Book Talk: Treasure hunts and tomb raids in Asia
TOKYO - After being passed over for promotion in 1925, archeologist Irene Blum finds new purpose thanks to a mysterious map that promises a life-changing find and leads her on a quest to Shanghai and deep into the jungles of Cambodia.
Author Kim Fay's debut novel, "The Map of Lost Memories," follows Blum as she meets fellow adventurers seeking to be the first to discover a long-hidden temple and a set of ancient scrolls.
Fay, who spent four years living in Vietnam, said her passion for Asia was sparked by her grandfather's tales of his adventures as a sailor there in the 1930s. She spoke with Reuters about her book and the challenges of writing about different cultures and time periods.
Q: What got this book going?
A: "I had moved to Vietnam to teach English and give myself time to write. I knew I wanted to write a novel and I was working on a satire, a completely different novel ... I read 'Silk Road,' which was a story of Andre and Clara Malraux. Andre was the minister of culture for Charles de Gaulle, but when he was in his early 20s, he and his wife 'liberated' a bas relief from the temple of Banteay Srey. They came up with a whole plot ... They got as far as Phnom Penh before they were caught.
"That was the spark. There was something in that story I just started thinking about—the obsession. I think I was also still enamored with that part of the world. The novel I'd been working on, which is not even worth remarking on, didn't touch me in any way. I wanted to write about the place, mainly. It became one of those obsessions. I wanted to write about these people who were obsessed."
Q: The settings are almost characters in their own right. How did you make them so vivid, given that they're historical?
A: "I was lucky. When I lived in Vietnam, I lived in Saigon, and (when) I moved there in 1995, it really hadn't changed. All of the old French buildings were there. There were no skyscrapers. Granted, there were a lot of American buildings and things that had been built, but it truly was the old city. I also visited Phnom Penh in the 90s, so I was lucky in that respect as well. Even when I went to Shanghai, in 2000, and retraced my grandfather's path, the city hadn't been built up in that really modern way yet.
"But I also did things. For example, I knew Phnom Penh, but I got an old map from the 20s. Then I went online and found every postcard I could from the 20s and rebuilt the town in my house. So I actually rebuilt Phnom Penh in the 1920s, like a diorama, so my characters could walk through the different areas. In the jungle, I went up the Mekong River and got on a bicycle and went off by myself into the jungly bit."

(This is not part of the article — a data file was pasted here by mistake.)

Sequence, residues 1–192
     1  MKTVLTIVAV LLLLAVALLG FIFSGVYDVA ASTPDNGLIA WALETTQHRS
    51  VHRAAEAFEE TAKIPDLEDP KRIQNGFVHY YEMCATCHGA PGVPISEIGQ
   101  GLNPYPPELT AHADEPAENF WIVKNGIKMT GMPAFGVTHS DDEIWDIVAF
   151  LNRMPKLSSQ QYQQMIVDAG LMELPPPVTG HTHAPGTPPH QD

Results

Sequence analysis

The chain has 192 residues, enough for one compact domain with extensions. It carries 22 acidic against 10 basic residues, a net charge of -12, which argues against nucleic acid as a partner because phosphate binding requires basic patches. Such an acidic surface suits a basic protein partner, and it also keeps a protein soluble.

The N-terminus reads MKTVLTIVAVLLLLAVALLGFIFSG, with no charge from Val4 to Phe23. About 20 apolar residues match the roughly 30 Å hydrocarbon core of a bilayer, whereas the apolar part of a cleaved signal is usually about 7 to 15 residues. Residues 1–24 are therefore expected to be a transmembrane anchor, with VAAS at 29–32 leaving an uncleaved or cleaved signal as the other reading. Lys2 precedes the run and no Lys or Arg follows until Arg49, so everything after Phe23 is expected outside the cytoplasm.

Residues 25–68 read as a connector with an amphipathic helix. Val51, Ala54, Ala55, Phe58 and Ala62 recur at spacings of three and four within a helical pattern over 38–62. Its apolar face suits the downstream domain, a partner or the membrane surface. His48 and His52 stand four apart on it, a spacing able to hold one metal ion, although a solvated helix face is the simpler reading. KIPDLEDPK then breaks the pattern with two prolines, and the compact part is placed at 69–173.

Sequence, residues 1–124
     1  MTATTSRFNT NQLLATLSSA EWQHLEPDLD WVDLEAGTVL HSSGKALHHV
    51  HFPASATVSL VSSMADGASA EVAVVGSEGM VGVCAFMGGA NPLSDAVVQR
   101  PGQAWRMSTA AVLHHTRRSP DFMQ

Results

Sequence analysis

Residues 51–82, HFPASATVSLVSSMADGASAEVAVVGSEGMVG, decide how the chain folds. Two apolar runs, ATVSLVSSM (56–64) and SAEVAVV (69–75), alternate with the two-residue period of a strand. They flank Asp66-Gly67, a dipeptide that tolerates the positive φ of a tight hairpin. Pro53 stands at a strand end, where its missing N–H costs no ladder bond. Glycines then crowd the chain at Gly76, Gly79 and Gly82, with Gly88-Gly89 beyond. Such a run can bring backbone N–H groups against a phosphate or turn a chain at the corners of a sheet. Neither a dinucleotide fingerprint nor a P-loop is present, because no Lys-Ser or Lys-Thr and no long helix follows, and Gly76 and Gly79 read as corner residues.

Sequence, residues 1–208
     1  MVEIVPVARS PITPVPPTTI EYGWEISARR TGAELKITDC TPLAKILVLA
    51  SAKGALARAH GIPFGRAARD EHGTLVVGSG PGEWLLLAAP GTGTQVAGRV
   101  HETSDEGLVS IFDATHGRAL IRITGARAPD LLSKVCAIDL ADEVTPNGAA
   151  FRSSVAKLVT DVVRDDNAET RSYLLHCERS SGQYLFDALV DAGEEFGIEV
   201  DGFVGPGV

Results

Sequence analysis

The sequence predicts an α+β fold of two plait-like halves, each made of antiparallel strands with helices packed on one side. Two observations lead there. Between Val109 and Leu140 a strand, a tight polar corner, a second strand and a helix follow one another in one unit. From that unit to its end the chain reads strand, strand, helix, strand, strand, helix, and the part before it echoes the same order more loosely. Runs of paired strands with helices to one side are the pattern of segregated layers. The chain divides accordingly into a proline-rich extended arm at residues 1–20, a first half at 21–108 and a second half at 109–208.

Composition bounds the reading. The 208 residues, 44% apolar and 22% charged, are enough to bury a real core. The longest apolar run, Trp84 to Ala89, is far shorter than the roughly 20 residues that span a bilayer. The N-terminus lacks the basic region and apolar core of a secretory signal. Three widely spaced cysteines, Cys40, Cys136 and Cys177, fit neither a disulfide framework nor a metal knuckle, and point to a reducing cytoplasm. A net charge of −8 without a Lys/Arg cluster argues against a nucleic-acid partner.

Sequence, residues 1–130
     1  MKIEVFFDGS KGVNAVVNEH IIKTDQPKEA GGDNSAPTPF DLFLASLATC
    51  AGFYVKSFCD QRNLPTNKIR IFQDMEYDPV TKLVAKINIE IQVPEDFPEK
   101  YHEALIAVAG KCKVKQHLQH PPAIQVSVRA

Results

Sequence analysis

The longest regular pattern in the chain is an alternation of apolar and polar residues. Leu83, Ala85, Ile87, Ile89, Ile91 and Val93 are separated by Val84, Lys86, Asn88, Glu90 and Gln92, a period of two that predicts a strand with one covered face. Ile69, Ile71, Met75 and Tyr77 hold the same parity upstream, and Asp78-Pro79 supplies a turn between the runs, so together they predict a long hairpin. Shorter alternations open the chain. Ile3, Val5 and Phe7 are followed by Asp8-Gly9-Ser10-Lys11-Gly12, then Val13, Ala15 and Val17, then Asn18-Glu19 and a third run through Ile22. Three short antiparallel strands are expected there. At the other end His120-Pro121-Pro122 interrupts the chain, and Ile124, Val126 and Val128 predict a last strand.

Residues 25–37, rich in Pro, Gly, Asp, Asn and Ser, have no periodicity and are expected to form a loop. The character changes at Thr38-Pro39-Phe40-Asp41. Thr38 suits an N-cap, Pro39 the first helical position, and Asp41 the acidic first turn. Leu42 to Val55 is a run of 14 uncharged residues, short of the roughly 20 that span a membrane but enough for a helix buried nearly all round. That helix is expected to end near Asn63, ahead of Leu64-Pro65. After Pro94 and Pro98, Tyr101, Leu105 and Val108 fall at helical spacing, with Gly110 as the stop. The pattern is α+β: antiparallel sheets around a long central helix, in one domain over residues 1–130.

Q: What are the challenges of writing about different countries like this—especially in Asia it's either stereotypes or too much exoticism. How did you handle this?
A: "I struggled with that and had a really hard time. Take the tribespeople up in the jungle. Everything I wrote I found in books, and I found information and I talked to people. But the problem was the way that a Caucasian or a Westerner from the 1920s would look at those people, and how they would describe them and judge them. It would be very stereotypical and almost cartoonish. I've found travelogues from that time and thought 'Oh my gosh, I can't believe you just said that'...
"I pulled back from that, it's something that's on my mind all the time. That's why my editors kept saying there weren't interactions with the Cambodian people. It's because I would have been writing from a very hyper-aware 21st century viewpoint, and every time I tried to write from the mindset of that time period it became so stilted and so one-dimensional. I couldn't get there and I didn't want to do that to any of the characters, and I didn't want to present just another 'really wise old Asian man'..."
Q: What were the main pleasures with this book?
A: "The research was definitely a pleasure. I read more than a hundred books, on every topic ... Another one of the pleasures was just writing about place. Truly my favorite thing to do is to sit and try and describe something in a way that I think the reader will actually feel it. I thought a lot when I wrote this book about my grandmother.
"Before she passed away she was housebound and she watched TV and she read. Reading took her places. There are a lot of people who will go there and the book will mean a lot to them because they've been to Angkor Wat. But there are probably more people who will never go there, and will never go to a jungle, and will never feel that kind of heat, so the pleasure is thinking you're going to be able to take the reader to another place and give that place to them." –Reuters